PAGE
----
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The ins and outs of RRSPs

Set goals, save regularly—and get started as soon as you can
HalifaxToday Spotlight image_4 Pillars_Feb 15, 2021

The start of a brand-new year is the perfect time to revisit your savings goals and fine tune your personal financial plans.

We all need to be actively saving for retirement, no matter what age or stage of life, whether we’re salaried employees or independent contractors. The trick is understanding how we can maximize our savings and make the most of the funds we’re able to tuck away.

Why you should invest in an RRSP

A Registered Retirement Savings Plan (RRSP) is the government’s way of encouraging you to save for your future. It incentivizes saving twice: first, by giving you a tax deduction on any money you put in, on an annual basis. You pay less in income tax because your RRSP contributions are deductible from your taxable income.

The result? Either a bigger tax refund or a smaller tax bill. Keep in mind that you will indeed pay tax when you withdraw the money at retirement, but that will likely be at a lower rate because your income at that point will be lower.

The second big benefit occurs when you’re ready to retire, as you convert the funds into a steady stream of retirement income. For years your savings and interest will have compounded and grown sheltered from tax.

When to start

As soon as you start earning an income and filing a tax return with the Canada Revenue Agency (CRA), you can begin contributing to an RRSP. The earlier you start, the better, owing to compound interest and upward market trends over time.

Don’t worry about needing to have large amounts of money to sock away. With the Co-operators, you can start saving as little as $50 a month in an RRSP. It’s simply a smart savings plan that you contribute to over the course of your working life.

That said, you’re almost never too old to contribute to your retirement fund so don’t let your age stop you. You can deposit savings to your RRSP until December 31 of the year you turn 71. If you’re in your 40s, 50s and 60s you can still start to save.

When the time finally comes for you to retire, you can convert your RRSP account into a Registered Retirement Income Fund (RRIF) and start to withdraw an income—essentially paying yourself.

What’s involved

Many treat their RRSPs like a regular savings account and simply deposit money, leaving it untouched until retirement. Others choose to invest their money in common RRSP

investment vehicles, such as segregated funds or mutual funds.

Ways you can use your RRSP

For your retirement

RRSP accounts were mainly designed as a way to encourage Canadians to save for their retirements. The fact is that most of us will need savings of our own to supplement our government pensions and an RRSP is a smart way to ensure you’ll have additional retirement income.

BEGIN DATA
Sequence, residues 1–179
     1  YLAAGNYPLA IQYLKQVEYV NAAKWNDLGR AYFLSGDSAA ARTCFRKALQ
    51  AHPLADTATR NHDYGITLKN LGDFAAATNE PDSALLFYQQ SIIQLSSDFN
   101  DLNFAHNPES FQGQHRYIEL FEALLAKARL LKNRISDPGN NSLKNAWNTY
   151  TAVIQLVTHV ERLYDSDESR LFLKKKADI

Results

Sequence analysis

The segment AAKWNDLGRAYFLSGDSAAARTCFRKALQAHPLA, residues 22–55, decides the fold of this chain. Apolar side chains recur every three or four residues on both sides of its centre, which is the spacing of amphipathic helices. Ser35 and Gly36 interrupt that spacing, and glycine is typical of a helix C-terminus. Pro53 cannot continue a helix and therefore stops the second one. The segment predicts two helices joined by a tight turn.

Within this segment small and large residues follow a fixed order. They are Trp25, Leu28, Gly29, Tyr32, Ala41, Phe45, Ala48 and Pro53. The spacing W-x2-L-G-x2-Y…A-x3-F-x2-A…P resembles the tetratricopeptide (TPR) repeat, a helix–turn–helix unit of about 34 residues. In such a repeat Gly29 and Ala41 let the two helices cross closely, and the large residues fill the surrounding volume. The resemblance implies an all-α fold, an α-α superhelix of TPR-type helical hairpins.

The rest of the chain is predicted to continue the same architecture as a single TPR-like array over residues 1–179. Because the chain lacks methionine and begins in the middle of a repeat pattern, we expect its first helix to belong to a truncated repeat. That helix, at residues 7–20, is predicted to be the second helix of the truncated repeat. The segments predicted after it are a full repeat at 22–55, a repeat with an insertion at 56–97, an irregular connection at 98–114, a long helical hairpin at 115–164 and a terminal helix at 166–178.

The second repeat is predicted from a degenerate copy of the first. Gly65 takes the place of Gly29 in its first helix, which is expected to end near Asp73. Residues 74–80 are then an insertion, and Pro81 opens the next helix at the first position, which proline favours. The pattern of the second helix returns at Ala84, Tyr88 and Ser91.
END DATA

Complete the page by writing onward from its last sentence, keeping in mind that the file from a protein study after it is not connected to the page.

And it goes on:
The benefits are strongest when you convert your RRSP funds to an RRIF or an annuity. You do this before the end of the calendar year in which you turn 71, though if you retire earlier, you can do this sooner.

To help purchase your first home

You can withdraw from your RRSP without facing the usual tax implications if the money is put towards the purchase of your first home. The RRSP Home Buyer’s Plan is designed to help first-time homebuyers with the down payment required; it allows you to borrow up to $35,000 tax-free. You must repay the amount borrowed to your RRSP in equal increments over a period of 15 years, however, or you risk facing tax penalties.

To continue your education

The other scenario where you can withdraw funds without tax implications is if you are planning to continue your education. The RRSP Lifelong Learning Plan allows you to withdraw up to $10,000 per year to pay for full-time education or training for you or your spouse. You do have to pay these funds back in equal increments over the next 10 years, beginning the year after your first withdrawal.

Important details to remember

There is an important deadline to keep in mind: it’s 60 days past December 31 of each tax year. That means the last day you can make an RRSP contribution to reduce your tax bill for the previous year is March 1—or February 29, during a leap year.

You’ll also want to know the contribution limit. For the 2022 tax year, Canadians can save 18% of their income in an RRSP, up to a maximum of $29,210. If you have any unused contribution room from prior years, it is carried forward—so you may actually be able to tuck more away. You can find out what your individual RRSP contribution limit is for this year from your most recent Notice of Assessment from the CRA.

For more information, visit The Co-operators or call 705-945-8844 to speak with Jeff ViottoJordan Forbes or Justin Montanini.